So it was not until just before his death that John Fante¹s writing finally received the recognition that had for so long escaped him. Recognition that was not precipitated by his own industry, or even his ambition, but by a chance event that had occurred 40 years earlier when Ask the Dust was published.
In the mid-1970s, Charles Bukowski, in his novel Women and in a series of taped interviews with Ben Pleasants, made known his early debt to Fante. As a very young man Bukowski had chanced upon Ask the Dust in the Los Angeles public library, and been deeply influenced by it. Not until 40 years later did he acknowledge his debt, but when he did, it profoundly altered Fante¹s fortunes.
Ben Pleasants followed the lead and found Fante ‹ blind, wheelchair-bound, and in the final years of his diabetic decline. He interviewed him at length, wrote about him in the Los Angeles Times, and began efforts to have his work republished, receiving a notable rejection from Ferlinghetti at City Lights, suggesting that he try John Martin ‹ Bukowski¹s publisher ‹ at Black Sparrow.
It would seem, however, that John Martin was already on the ball: In 1980 he republished Ask the Dust with a foreword by Bukowski, and Fante dictated the final book of the Arturo Bandini sequence, Dreams from Bunker Hill, to his wife for publication by Black Sparrow. Joyce Fante:
He was feeling well, at the time. He was mentally okay. He was in a wheelchair and he used to go out on the patio and sit at the table out there and he would dictate to me and I would write down and then type it after writing a few pages. He was happy. Ben Pleasants was coming over frequently during that period, and he would help me read to him, what he¹d written. And he was always very pleased when Ben reacted positively to it.
Fante died in 1983 in the Motion Picture Hospital in Los Angeles, the year of Black Sparrow¹s republication of Wait Until Spring, Bandini. In 1985 Martin completed the Bandini tetralogy with the book Knopf had rejected nearly 50 years before: The Road to Los Angeles. By 1991 Black Sparrow, without advertising, had brought the entire work of John Fante to its remarkably extended audience. And when, in 1985, the maverick literary agent Paul Yamamoto fulfilled his long standing aspiration to represent the Fante estate ‹ Yamamoto had discovered what he calls ³the work² wholly independently, in 1976 ‹ Fante¹s fiction at long last gained the currency that Hollywood had so long refused his screenwriting.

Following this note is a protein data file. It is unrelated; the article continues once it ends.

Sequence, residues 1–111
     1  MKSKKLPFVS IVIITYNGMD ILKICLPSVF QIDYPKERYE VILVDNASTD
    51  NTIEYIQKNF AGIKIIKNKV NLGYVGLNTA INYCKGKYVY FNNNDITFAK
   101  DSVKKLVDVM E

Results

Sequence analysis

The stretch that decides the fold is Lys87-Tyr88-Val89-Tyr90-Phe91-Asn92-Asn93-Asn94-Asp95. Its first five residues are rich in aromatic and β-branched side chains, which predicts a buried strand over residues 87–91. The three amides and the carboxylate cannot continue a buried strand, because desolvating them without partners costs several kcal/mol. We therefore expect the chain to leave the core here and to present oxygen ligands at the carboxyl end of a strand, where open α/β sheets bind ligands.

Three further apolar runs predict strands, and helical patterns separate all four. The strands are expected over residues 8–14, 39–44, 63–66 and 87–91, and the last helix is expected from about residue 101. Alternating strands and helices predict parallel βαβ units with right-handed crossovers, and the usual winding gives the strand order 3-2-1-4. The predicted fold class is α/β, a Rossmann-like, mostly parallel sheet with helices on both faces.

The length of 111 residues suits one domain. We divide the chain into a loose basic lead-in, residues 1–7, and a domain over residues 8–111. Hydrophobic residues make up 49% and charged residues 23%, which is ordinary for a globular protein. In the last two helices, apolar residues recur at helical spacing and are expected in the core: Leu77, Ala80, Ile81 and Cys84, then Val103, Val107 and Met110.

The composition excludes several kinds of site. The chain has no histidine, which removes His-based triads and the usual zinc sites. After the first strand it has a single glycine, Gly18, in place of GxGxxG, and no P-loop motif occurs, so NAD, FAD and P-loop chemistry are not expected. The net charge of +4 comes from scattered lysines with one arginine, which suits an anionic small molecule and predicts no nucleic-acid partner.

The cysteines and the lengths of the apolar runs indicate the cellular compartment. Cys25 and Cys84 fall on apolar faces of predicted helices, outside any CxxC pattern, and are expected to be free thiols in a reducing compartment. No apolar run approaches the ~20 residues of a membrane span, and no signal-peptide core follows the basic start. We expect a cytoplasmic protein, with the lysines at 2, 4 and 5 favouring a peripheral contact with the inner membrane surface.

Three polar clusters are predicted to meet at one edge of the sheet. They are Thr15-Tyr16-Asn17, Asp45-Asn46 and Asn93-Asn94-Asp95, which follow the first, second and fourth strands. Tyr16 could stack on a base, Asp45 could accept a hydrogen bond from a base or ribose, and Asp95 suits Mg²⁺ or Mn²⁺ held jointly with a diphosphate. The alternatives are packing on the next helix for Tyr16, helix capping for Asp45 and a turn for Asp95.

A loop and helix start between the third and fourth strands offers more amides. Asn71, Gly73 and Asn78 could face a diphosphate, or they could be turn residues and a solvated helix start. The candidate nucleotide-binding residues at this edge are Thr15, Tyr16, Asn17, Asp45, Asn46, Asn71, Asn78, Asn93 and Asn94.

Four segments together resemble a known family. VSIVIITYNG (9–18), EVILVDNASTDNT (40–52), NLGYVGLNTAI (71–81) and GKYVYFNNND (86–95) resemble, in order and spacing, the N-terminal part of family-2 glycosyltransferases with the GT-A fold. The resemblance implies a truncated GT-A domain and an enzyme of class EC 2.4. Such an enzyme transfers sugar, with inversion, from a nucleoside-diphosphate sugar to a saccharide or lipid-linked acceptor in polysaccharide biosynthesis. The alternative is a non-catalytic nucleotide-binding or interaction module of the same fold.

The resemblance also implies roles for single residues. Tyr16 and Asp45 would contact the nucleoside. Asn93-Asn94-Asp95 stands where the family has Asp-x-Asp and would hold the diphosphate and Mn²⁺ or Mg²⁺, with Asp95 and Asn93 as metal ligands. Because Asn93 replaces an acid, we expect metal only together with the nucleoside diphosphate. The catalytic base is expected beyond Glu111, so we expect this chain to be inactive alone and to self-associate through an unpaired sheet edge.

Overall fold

We like literary biographies to be ³high concept,² to borrow a Hollywood term: we like them to be morality plays, with tragic failure and triumphant success, told in elemental terms. At the end of my last interview, with Edward Dmytryk, I asked my signature question one last time, and received a surprising answer:
Gordon: That brings me to my central question. Does the cream rise to the top in Hollywood? Is talent rewarded?
Dmytryk: Yes, as a rule, but it depends on the people who have the talent. Now, I don¹t think there¹s anybody that¹s been in this business as long as I have, 70 years. There used to be a saying and I used to hear it in the old days when Hollywood was still a town. They used to say that there is better talent walking Hollywood Boulevard that will never be recognized than there is actually in the studios. That is not true. Personally, I have never known anybody who had any talent who didn¹t get a chance to show it.
But none of Fante¹s work ‹ not even Full of Life, which was written to be ‹ is high concept. And it is equally hard to pitch his life as a morality play, for the moral is obscure indeed. Rather, by the end of my trip to Los Angeles, I was aware of the tremendous complexity of Fante¹s bid for realization: his bitter struggle with the personal terms of his existence, his father, his family. I was aware of the hefty doses of bad luck, the difficulty of his life-long effort to accommodate his talent to the expectations of publishers and producers.
And I was aware of the contingency of recognition: Bukowski¹s long-delayed endorsement, the unlikely willingness of Black Sparrow to reissue the work, Pleasants¹s dogged discovery and devoted interest, Frank Spotnitz¹s idealistic commitment to putting a biographical documentary before an audience, and the rare combination of salesmanship and discrimination in Paul Yamamoto.
I understood how complex was the interdependence of realization and recognition, the one inspiring and feeding off the other, and the implacable unfairness of the mechanics of a writer¹s failure or success.
When I asked Frank Spotnitz my formulaically repeated question, he answered with a readiness that revealed its familiarity to him.